9/32 inch drive
9/32 inch drive
The Midget drive is a mystery to most people. This size of the square is 9/32 and looks like looks like the modern day ¼ inch drive but is not interchangeable. Plomb also made a 9/32 inch drive set as others did.
Snap on started the 9/32 in the early 1920, and was dropped from the mechanics catalogs by 1945. The industrial catalogs continued the “P series” through the 1960s. These are the same tools relabeled with a P, so an M-5 is pre 1945 and a PM-5 is post 1945. There were numerous changes, tools additions and pieces that never were listed. The following pages are divided into parts. Everything I know is listed, but there is obviously much more out there. Many of the pictures are mine but more of them are from 2 fabulous collections owned by Chad Shapiro and Roseanna Johnson. These 2 people were extremely kind in offering photos of their tools. They are “old hands” at collecting Snap on tools.
I also had excellent text editing support from Christopher Strehmel, Rob “Airbuff”, Mike Hurkes, Brett Ebert, David Wagner, Darrell MacLean, Michael “keyt”, Mark Mathus, Charles Horton, Darci Thompson, David Wagner, Mabel Kraus, Mark Mathus, Joe Hauck, and Darrell MacLean. These people are mostly responsible for taking my start into this excellent summary.
9/32 socket sets 1925 – 1945 Catalog Summary
Catalog B 1925
Snap on introduced the 9/32 socket set in Catalog B in 1925. Snap on was located on 1270 South Pierce Street in Milwaukee, Wisconsin. The Motor Tool Specialty Company was their sales arm and was based out of Chicago Illinois. At the time there were a mere 17 offices, but they have coverage from New York to Los Angeles.
The sales literature colorfully reads “Take the tedious work out of small jobs – and speed’ em up – with Snap-On Midgets! Think of the times you’ve struggled with a small nut in a hard to reach place – some little picayune job that wasn’t worth half the time and effort you put on it – then you’ll appreciate your need for Snap-On Midgets”
“Handles and sockets made just like the Master Snap-Ons – same quality, same speed and adaptability in actual use. Guaranteed” The set was minimal and the guaranty, only a year. If a tool broke – mail it back.
A picture of the box and 10 tools is shown. This box is extremely rare and I am unaware of any in the hands of any collector today. The original price was – $2.75 – expensive by the standards of the day. The numbers produced – minimal, but over the next 15 years, the numbers would grow
Catalog C 1926
In Catalog C from 1926, the number of company branches increased to 19 and the return policy changed – The branch offices would now accept returns. The 9/32 socket set tools were unchanged, but the box was new. The first 1926 box is green, later boxes are painted black. There are two types of these boxes. One does not have “Snap-On” embossed or stamped into the lid; there was a decal on the inside of the lid. The transition between this early decal label and the embossed box seems to be between 1931 and 1933. It appears the box color changed from black to gray around this time. The price was still $2.75. The box for the T handles would last until 1945 when the style of the inside partitions changed.
Catalog D 1927
In Catalog D from 1927 the factory was in the same location but the offices were listed as Chicago. Motor Tool Specialty Company was still the sales arm; the branch offices had swelled to 26 and the number of sales people up from 175 in 1926 to 250 in 1927. The tool kit is the same -10 tools, and the box color changed to black. The price increased to $3.00, but dropped in 1928 back to $2.75.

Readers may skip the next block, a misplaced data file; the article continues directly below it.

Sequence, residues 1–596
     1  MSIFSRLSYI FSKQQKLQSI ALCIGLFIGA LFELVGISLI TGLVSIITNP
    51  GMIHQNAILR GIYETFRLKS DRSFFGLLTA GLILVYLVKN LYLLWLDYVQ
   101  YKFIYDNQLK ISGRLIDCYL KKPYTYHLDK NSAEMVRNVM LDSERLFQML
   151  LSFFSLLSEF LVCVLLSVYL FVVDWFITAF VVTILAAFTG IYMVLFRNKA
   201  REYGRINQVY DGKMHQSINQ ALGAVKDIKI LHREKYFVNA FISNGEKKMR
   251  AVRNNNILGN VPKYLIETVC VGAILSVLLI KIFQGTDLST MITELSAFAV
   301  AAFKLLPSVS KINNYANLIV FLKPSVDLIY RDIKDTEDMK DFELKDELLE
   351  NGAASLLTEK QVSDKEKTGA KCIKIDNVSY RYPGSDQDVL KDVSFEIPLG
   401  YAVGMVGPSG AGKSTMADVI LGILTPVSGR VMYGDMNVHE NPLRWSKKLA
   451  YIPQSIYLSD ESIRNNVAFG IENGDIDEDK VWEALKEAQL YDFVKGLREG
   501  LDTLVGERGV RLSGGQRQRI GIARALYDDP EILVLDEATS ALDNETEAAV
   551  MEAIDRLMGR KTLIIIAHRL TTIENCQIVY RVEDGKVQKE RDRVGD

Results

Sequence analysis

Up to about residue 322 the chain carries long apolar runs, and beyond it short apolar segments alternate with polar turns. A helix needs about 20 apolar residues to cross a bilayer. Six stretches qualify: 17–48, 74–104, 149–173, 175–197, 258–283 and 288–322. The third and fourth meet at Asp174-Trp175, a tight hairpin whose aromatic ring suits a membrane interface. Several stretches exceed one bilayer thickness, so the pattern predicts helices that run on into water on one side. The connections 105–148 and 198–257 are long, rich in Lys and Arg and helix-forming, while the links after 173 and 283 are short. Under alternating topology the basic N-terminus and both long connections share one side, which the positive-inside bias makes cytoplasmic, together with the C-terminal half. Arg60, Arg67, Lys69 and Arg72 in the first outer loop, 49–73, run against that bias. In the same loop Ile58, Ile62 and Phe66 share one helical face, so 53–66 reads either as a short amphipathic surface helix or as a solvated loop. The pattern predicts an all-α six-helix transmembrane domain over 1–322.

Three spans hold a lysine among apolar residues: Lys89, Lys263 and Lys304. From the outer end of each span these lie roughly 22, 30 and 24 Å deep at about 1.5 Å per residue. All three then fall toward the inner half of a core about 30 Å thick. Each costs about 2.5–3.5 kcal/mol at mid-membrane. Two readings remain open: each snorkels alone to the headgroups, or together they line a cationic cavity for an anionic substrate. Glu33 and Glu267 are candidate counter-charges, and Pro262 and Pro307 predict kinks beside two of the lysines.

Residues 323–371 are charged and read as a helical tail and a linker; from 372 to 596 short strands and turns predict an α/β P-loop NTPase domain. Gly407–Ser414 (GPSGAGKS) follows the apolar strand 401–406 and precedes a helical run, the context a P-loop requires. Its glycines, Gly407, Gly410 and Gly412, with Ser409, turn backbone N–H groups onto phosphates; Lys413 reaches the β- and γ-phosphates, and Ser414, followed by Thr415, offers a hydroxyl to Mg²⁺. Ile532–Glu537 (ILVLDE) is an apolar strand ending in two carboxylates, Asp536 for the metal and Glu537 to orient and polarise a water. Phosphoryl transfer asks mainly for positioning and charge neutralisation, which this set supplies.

Catalog E 1928
In catalog E Dated January 1928 – The price dropped back to $2.75 and the same set was offered with no changes through Catalog G Dated August 1929. Catalog G still has the early knurled sockets listed.
Catalog F 1928
Catalog F Issued May 1, 1928. Snap on had 26 branch offices and 250 sales people combing the countryside. The guarantee was one year from the date of purchase. The black enameled case was basically unchanged and sold for $2.75
Catalog G 1929
Catalog G Issued August 1, 1929. Snap on still had 26 branch offices, the number of sales people had grown to 300 combing more of the countryside. The guarantee was unchanged at one year from the date of purchase. The black enameled case was basically unchanged but the price was deleted, and there was a 3/8 – 9/16 adapter and a universal joint added to the option list.
Some time around 1930 the Milwaukee marked tools disappear. Tools marks “Milwaukee” are from the 1920s or very early 1930s. Likely there was existing stock and there is no one point were this mark stopped being used.
Catalog H 1931
In Catalog H dated January 1931, the same set was offered, but a few additions were made. The M-1 Adaptor to use 3/8 handles with 9/32 sockets and the MU-8 universal Joint was added. Also four specialty sockets were introduced for the Ford Zenith Carburetor used on the Model A. This started a pattern of making special tools for individual purposes. This focus on specialty tools lasted through the remaining 9/32” drive tool history. General use deep socket sets and specialty tool deep sockets can be confusing due to their different lengths; they are not uniform. The ¼” drive set of 1941 is where these specialty tools were unified into a generic set.
Catalog I 1932
In Catalog I dated April 1 1932, the guarantee changed to a life-time guarantee against defects. There is a sentence that excludes tools that were abused or worn out through use. The basic set was up to $4.75 and the bigger set $8.00. Deep sockets for Zenith Carbs and a new ignition handle completed the changes
Catalog J 1933